I am the child of alcoholic parents. You have no idea how hard it is for someone to be able to admit such a thing. It fills you with shame, guilt, doubt and anxiety to accept that the very people who brought you into the world and who you rely on for care are not like other parents. I know that many of my friends – even to this day – would feign surprise to hear my confession, despite the fact they know my father was treated in a well-known home for alcoholics and that he eventually died in 1998, like many alcoholics, in a tragic accident – a house fire.
The reason for this is twofold: my parents were lovely people and immensely popular with the community, but the alcohol meant that behind closed doors things had the habit of becoming crazy. Always after episodes, there’d be some form of an apology, usually mixed with blame which I’d always accept in the hope things would improve. But things only ever got worse.
It wasn’t until after my mother died of cancer in 2012, that my sister and I have been able to delve back over the years and confirm our shared realities of what happened and deal with the aftermath and accept we lived through what many would call abuse. Don’t misunderstand me, my parents provided a great life for us, we were loved and enjoyed many privileges of my father’s successful business acumen, but we lived with a deep, dark secret that stayed largely hidden until I was fifty years of age.
No one really wants to talk about these types of problems, let’s be honest, most of us use cover-up to hide a pimple, so why would you yell from the rooftops, guess what my parents’ drinking is making our lives hell? Besides, this kind of talk makes people feel uncomfortable and repression usually wins the day. Repression is a psychological defence mechanism that involves keeping certain thoughts, feelings, or urges out of conscious awareness. The goal of this form of defence is to keep thoughts out of the conscious mind in order to prevent or minimise feelings of anxiety.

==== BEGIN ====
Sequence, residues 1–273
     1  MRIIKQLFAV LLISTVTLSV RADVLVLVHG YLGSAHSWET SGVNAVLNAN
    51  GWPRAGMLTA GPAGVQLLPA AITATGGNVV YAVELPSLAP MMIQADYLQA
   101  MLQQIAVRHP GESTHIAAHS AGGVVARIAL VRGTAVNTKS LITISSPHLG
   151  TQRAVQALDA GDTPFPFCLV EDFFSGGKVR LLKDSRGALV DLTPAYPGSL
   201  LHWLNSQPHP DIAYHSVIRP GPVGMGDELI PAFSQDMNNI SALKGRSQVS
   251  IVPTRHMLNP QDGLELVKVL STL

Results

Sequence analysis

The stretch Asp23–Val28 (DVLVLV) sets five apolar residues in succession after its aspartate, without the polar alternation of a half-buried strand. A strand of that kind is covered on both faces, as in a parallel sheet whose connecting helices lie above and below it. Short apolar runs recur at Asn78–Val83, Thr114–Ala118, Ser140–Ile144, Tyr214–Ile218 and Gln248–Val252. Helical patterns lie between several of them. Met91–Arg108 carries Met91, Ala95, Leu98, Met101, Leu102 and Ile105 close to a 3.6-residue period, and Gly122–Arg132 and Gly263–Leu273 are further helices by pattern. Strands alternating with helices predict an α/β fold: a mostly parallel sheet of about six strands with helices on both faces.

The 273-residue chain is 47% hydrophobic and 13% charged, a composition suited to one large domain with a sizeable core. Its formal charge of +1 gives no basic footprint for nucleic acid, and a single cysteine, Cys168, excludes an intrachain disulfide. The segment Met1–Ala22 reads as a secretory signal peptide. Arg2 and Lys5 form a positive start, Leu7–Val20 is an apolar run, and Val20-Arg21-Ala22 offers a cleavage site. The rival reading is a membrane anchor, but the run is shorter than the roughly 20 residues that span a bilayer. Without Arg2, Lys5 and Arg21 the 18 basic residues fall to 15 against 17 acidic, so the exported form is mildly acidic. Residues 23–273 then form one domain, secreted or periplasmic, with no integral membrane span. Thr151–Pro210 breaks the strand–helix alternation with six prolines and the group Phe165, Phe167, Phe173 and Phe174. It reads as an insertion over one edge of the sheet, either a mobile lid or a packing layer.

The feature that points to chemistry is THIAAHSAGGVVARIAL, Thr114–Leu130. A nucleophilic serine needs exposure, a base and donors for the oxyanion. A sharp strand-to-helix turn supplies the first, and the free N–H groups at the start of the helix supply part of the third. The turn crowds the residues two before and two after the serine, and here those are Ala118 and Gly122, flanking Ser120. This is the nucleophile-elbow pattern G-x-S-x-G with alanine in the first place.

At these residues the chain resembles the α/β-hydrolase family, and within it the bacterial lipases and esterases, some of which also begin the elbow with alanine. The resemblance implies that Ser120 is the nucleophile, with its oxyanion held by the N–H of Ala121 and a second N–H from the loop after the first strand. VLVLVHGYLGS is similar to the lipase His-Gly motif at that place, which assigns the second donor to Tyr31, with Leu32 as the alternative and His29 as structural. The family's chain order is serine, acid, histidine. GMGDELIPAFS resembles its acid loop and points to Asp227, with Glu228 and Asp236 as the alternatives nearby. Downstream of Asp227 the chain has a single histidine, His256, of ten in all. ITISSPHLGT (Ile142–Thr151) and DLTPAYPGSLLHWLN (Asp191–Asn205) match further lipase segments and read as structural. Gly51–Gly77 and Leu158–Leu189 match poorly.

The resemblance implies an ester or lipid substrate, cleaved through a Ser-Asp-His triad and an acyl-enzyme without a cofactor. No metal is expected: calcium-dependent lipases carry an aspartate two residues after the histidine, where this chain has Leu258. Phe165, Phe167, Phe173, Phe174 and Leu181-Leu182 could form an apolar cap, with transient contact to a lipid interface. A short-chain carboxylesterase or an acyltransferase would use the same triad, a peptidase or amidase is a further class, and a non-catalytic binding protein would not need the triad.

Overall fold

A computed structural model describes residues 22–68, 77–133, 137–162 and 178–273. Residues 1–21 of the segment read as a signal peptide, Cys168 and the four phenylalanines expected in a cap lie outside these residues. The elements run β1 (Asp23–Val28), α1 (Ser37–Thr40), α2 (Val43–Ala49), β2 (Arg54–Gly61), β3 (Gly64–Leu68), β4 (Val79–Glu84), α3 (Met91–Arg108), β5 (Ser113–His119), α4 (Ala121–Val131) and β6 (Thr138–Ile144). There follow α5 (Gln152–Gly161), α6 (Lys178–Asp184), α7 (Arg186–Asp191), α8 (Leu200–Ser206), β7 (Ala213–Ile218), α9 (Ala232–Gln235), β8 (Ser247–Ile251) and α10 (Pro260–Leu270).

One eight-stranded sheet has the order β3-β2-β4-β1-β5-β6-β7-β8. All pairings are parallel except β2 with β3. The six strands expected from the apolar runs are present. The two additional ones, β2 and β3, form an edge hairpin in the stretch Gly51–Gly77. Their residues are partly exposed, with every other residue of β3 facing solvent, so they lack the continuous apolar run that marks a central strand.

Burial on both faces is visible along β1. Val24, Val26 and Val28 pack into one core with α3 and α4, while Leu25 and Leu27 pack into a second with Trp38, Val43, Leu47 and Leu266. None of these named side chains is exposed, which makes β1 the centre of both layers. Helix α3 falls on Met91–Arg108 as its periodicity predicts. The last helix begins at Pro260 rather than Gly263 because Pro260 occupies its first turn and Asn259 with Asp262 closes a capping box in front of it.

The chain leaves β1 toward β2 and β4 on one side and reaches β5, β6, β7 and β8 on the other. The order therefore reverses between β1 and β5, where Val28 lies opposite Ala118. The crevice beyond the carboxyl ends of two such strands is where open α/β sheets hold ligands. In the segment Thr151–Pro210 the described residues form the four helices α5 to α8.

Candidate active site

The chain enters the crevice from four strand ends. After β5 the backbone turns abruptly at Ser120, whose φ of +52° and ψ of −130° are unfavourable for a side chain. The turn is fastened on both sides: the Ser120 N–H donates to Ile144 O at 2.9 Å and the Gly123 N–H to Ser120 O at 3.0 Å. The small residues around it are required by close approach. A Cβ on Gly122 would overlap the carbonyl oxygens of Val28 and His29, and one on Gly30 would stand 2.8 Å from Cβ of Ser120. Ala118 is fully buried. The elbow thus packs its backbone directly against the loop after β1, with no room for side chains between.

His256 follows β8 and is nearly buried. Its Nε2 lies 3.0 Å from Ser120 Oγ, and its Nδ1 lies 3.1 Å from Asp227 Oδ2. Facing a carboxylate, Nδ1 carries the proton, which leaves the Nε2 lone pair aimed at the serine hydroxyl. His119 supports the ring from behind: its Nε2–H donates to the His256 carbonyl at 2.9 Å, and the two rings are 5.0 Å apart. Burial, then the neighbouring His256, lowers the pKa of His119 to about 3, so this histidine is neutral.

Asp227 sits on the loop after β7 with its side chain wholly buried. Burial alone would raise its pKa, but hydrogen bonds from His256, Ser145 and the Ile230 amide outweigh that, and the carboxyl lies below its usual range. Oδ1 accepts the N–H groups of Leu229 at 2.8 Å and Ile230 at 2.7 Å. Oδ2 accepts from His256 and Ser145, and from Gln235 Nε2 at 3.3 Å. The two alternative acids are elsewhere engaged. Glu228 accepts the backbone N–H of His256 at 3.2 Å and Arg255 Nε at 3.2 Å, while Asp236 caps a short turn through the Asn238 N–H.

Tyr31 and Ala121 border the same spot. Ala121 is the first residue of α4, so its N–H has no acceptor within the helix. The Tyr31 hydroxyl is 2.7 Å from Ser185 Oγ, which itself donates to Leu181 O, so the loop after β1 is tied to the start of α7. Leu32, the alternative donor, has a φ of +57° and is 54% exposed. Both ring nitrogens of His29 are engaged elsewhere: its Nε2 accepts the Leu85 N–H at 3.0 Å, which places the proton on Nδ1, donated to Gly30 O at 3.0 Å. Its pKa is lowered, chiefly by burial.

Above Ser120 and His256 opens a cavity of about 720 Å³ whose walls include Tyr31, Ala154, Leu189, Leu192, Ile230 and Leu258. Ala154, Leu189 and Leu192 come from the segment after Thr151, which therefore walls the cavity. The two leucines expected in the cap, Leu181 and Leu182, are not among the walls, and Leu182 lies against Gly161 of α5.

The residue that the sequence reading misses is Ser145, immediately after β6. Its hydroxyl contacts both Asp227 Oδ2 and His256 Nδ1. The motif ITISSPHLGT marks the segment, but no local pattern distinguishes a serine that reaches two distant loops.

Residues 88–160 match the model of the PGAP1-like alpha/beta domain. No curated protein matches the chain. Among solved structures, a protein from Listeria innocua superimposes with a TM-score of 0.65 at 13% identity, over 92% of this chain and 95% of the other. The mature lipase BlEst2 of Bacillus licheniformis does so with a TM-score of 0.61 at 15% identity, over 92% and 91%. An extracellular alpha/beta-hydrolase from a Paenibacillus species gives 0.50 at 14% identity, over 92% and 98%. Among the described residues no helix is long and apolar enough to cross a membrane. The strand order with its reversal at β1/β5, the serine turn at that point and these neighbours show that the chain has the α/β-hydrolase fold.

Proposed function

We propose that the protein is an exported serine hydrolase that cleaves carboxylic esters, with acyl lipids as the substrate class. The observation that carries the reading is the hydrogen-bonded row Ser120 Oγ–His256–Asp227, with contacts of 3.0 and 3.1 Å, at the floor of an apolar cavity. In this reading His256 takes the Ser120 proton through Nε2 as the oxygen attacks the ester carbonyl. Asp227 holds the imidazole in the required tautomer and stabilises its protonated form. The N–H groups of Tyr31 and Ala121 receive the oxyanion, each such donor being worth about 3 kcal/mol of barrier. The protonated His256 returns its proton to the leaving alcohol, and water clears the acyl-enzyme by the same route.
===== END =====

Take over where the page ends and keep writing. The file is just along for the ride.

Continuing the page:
One of the consequences of my growing up with alcoholic parents is that my brain has learnt to handle information which others find uncomfortable. I will concede that it drives my husband (and some friends) around the bend when I try to share some of what I call my ‘creative thinking’. Repression makes him shout out and dismiss/trivialise/block/gaslight the reality of what I am saying. It’s much easier for his brain to dismiss me as a lunatic than accept that what I am saying may be true. This has been happening much more frequently since the blaggard, Boris Johnson, won a majority and Coronavirus has turned our lives upside down.
In many ways, Government is like a giant parent to us all. One wants to feel secure and embrace the feelings of optimism and lust for life, but events continue to make me feel anxious and unsafe. The connotations of Boris’s boosterism are so familiar, with the public’s reaction of wanting to defend him, just as I did my parents. His government is abusing us like my parents mistreated me.
It is beyond doubt that good old defence mechanisms are protecting lots of brains from experiencing the anxiety of seeing what is happening – but we need anxiety levels to rise up and challenge this regime in order to save lives.
So, will you join me in sharing my reality by repeating after me:
“I am a citizen of an abusive government”?
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